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25. A Frivolous Exercise
And as thy servant was busy here and there, he was gone. And the king of Israel said unto him,
So shall thy judgment be; thyself hast decided it.
I Kings 20:40

A man must be hard run indeed when he cannot forge an excuse. This is a very common one for the loss of the soul: "I was very busy, and had no time to attend to religion." They say, "a bad excuse is better than none:" this is very questionable. Here is an excuse which condemned the man who made it. The man in the prophet's story was ordered to keep a prisoner, and it became his first duty to do so; but he preferred to follow out his own wishes, and attend to his private concerns, and so the prisoner "was gone." It is clear that he had power to have attended to the king's business, for he attended to his own. His excuse was a confession that he was willfully disobedient.


  1. They have but little to occupy them. They are noblemen, or ladies with no occupation, or persons of large leisure, or invalids who can do nothing for a livelihood, and therefore have ample time for reflection and reading.
  2. They have done all their hard work, and are retired upon their savings, and find it hard to pass their time.
  3. They are never busy, for they are idlers whom nothing could provoke to industry. They kill time.


  1. There was no absolute need to be so busy. Many people make slaves of themselves with a view to gain, when they could earn enough for their needs, and yet have abundant leisure to care for their souls.
  2. To have believed in the Lord would have lessened the needful care of life, and so the pressure of business would have been lightened. The fact is that no man can afford to neglect his soul, for thus he hinders his own life-work.
  3. You find time for other necessaries,-to eat, drink, dress, converse, and sleep. And have you no time to feed your soul, to drink the living water, to put on the robe of righteousness, to talk with God, and to find rest in Christ?
  4. You have time for diversion. Think of the many hours wasted in idle chat, unprofitable reading, or worse. If offered a holiday, or an evening's entertainment, you make time if you cannot find it. You have, then, time for weightier matters.
  5. You find time for judging others, questioning great truths, spying out difficulties, and quibbling over trifles. Have you no time for self-examination, study of the word, and seeking, the Lord? Of course you have; where is it?


  1. You have enjoyed many mercies in your daily work, for you have been able to attend to your business; should not these have won your gratitude?
  2. You have seen many trials while busy here and there; why did they not lead you to God?
  3. You have abilities for business; and these should have been used for God. Did he not give them to you? Why expend them on your own selfish money-getting?


  • To have worked hard for nothing: to live hard, and lie hard, and yet to fail, and die poor at last, will be sad.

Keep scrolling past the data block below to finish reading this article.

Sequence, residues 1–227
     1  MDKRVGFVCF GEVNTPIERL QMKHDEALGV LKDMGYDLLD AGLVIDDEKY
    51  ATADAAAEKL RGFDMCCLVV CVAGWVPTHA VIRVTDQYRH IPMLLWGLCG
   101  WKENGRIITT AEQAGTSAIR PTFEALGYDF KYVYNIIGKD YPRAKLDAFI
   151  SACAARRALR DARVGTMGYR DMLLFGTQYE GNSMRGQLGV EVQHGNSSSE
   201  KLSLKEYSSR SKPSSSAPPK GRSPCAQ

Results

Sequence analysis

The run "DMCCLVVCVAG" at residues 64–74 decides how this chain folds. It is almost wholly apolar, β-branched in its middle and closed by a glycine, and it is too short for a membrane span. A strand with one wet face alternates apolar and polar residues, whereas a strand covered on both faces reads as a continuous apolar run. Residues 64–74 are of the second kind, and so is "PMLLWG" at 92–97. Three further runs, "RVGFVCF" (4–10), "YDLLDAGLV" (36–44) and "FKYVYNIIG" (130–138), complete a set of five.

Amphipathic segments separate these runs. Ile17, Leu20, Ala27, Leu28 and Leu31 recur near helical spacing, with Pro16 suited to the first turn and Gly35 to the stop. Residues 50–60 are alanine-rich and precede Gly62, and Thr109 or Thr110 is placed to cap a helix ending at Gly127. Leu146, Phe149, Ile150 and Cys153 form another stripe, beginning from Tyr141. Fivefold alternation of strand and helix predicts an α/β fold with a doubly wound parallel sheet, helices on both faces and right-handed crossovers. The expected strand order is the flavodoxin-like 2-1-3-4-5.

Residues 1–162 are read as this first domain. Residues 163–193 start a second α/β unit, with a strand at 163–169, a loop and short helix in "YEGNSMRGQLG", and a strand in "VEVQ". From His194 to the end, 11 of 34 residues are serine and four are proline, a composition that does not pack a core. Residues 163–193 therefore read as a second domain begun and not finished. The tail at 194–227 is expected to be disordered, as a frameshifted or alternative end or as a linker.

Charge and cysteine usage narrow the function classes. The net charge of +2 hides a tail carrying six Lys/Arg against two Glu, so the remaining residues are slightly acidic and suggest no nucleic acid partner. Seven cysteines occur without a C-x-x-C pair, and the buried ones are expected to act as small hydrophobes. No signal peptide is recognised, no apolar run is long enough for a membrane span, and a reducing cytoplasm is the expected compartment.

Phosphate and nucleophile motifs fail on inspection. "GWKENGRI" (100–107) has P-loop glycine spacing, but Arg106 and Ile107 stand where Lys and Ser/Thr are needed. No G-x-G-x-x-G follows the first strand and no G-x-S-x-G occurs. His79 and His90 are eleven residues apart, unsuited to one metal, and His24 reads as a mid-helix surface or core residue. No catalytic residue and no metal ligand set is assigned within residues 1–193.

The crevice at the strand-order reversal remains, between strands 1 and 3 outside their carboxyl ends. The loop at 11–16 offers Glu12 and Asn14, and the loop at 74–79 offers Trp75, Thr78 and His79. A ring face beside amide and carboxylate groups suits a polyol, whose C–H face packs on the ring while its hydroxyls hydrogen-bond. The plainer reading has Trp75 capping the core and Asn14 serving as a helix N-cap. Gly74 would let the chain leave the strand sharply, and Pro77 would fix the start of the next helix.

• To have to leave all when you have succeeded in accumulating wealth will be wretched work. Yet so it must be.


  • If you have lost the time, you certainly had it entrusted to you, and you will be called to account for it: but you cannot regain it, nor make up for its loss .

  • How wretched to have spent a life in idly traveling, collecting shells, reading novels, etc., and to have therefore left no space for serving God, and knowing the Redeemer!

  • Men do worse than this: they sin, they lead others to sin, they invent ways of killing time, and then say they have no time.

  • They give their minds to skeptical thought, to propagating atheism, undermining Scripture, or arguing against the gospel, and yet have no time to believe and live!

  • Call to the young to use time while time is theirs.

  • Call to the aged to spend the remnant of their days well.

  • Call to Christians to look well to their children's souls, lest they slip from under their influence while they are busy here and there.

  • Call to experienced believers to see to their own joy in the Lord, lest they lose it in the throng.

In London, such is the hum of business, that the great clock of St. Paul's may strike many times and not be heard. God speaks often, and men hear him not because other voices deafen them. A great earthquake happened when two armies were in the heat of battle, and none of the combatants knew of it. Preoccupation of mind will prevent the most solemn things from having due weight with us.

Nero, when Rome was famishing, sent ships to Alexandria, not to bring corn for the starving people, but to fetch sand for the arena. He fiddled while Rome was burning Are not many thus cruel to themselves? Are they not spending, on fleeting merriments, precious hours, which should be used in seeking after pleasures for evermore?

Whatever negligence may creep into your studies, or into your pursuits of pleasure or of business, let there be one point, at least, on which you are always watchful, always alive: I mean, in the performance of your religious duties. Let nothing induce you, even for a day, to neglect the perusal of Scripture. You know the value of prayer; it is precious beyond all price. Never, never neglect it. — Buxton to his Son